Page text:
That's literally what we cannot do in a neural net.

It's why they're so problematic: you can determine the propagation functions of individual nodes perfectly, and that knowledge tells you exactly nothing about all of the many things it's values contribute to. There is no "concrete thing" at the node level: a single node fundamentally can't see a wing, or a color, or anything else, that's only emergent behaviour of node constellations, and one node can contribute to many constellations simultaneously.

Heck, there often isn't even a "concrete thing" at the many of the constellation levels, concrete things don't start to emerge until you're looking at the full state of all end nodes.

That's the machine learning 101 worldview. Initial level nodes are likely just minor inscrutable transformations. Later layers will be coding for features that, at least to some degree if it's a tractable problem, humans can understand and agree with as useful features. They'll be fuzzy and not as clearly defined as a human would frame the problem, but their purpose can be explored and generally identified.

In any case, speaking of them as representing singular features for simplification is appropriate. Maybe it's not one node that codes for legs, but two nodes that codes for legs like this and legs like that, but that's not relevant to the point.

> Is there a need for a sort of middleman like a one arm bandit kind of thing that makes a decision to spawn and despawn child nodes to explore the space more?

What's the one-armed bandit? (Besides a slot machine.)

My knowledge of this field is rusty, but I actually wrote my MSc thesis on novel ways to get Genetic Algorithms to more efficiently explore the space without getting stuck, so it sounds up my alley.

I wonder if you thought of it as a type of optimal stopping problem locally on each node and explore-exploit (multi-armed bandit) globally? For example, if each node knows when to halt when it hits a [probably local] minima, the results can be shared at that point and the best-performing models can be cross-pollinated or whatever the mechanism is at that point. Since both copying the models and continuing without gaining ground are both wastes of time, you want to dial in that local halting point precisely. An overseeing scheduler would record epoch-level results and make the decisions, of course.

Haha sorry I meant multi arm bandit, which I'd presume you're familiar with.

Although I guess a single arm bandit would be something akin the secretary problem.

Interesting discussion on the ICLR openreview, resulting in a reject:


The review is great, it contains all the interesting points and counterpoints, in a much more succinct format than the article itself.

Another well received paper [1], but I want to point out that ICLR should really have an industry track.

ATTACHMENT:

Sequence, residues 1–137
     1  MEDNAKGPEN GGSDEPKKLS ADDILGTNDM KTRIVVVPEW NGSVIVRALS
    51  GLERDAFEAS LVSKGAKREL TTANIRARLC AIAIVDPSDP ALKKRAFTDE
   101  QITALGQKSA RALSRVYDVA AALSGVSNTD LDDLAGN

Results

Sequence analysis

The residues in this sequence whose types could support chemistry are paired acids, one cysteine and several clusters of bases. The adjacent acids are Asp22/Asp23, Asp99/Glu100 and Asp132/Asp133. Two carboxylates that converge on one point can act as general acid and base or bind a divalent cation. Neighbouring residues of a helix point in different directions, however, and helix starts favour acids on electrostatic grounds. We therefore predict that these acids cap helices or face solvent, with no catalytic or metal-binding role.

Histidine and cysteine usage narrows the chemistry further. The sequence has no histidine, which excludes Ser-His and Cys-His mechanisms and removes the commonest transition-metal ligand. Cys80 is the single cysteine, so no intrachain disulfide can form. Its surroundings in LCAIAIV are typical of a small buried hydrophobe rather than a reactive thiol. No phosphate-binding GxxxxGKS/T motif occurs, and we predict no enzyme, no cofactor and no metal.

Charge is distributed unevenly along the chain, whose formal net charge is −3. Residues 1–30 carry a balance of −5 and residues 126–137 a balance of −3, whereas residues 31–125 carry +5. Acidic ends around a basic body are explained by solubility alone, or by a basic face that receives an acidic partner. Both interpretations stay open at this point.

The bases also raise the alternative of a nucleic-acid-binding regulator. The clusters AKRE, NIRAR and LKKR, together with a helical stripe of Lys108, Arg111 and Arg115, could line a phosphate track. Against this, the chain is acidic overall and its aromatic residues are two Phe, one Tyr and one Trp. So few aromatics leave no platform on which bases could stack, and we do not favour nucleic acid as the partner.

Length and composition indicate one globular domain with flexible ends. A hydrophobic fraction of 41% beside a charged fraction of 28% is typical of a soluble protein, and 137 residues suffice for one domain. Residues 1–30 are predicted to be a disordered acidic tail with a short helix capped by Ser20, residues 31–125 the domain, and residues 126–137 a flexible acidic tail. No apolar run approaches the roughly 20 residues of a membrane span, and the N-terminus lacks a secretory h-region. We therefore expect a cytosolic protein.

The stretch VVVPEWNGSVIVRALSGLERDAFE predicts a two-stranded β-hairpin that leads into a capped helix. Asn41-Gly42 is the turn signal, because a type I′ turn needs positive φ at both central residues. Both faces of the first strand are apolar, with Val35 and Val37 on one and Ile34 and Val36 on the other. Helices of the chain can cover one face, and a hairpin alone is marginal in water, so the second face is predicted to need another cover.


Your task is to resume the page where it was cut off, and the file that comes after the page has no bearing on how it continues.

The type of research in [1] (exhaustive analytic study on various parameters on RL training), is clearly beyond typical academia environment, probably also beyond normal industry labs. Note the paper was from Google Brain.

The study consumes a lot of people's time, and computing time. It's no doubt very useful and valuable. But I dont think they should be judged by the same group of reviewers with the other work from normal universities.

[1] https://openreview.net/forum?id=nIAxjsniDzg

While it wouldn't hurt, I don't think it is necessary. As with any large ML conference, many reviewers are in industry. I don't know the mix of industry to academic reviewers, but would not be surprised if it was biased towards industry supported research.

Copied from this URL, the final review comments that 1) summarized the other reviews, 2) describes the rational for rejection:

``` This paper extends recent work (Whittington & Bogacz, 2017, Neural computation, 29(5), 1229-1262) by showing that predictive coding (Rao & Ballard, 1999, Nature neuroscience 2(1), 79-87) as an implementation of backpropagation can be extended to arbitrary network structures. Specifically, the original paper by Whittington & Bogacz (2017) demonstrated that for MLPs, predictive coding converges to backpropagation using local learning rules. These results were important/interesting as predictive coding has been shown to match a number of experimental results in neuroscience and locality is an important feature of biologically plausible learning algorithms.

The reviews were mixed. Three out of four reviews were above threshold for acceptance, but two of those were just above. Meanwhile, the fourth review gave a score of clear reject. There was general agreement that the paper was interesting and technically valid. But, the central criticisms of the paper were: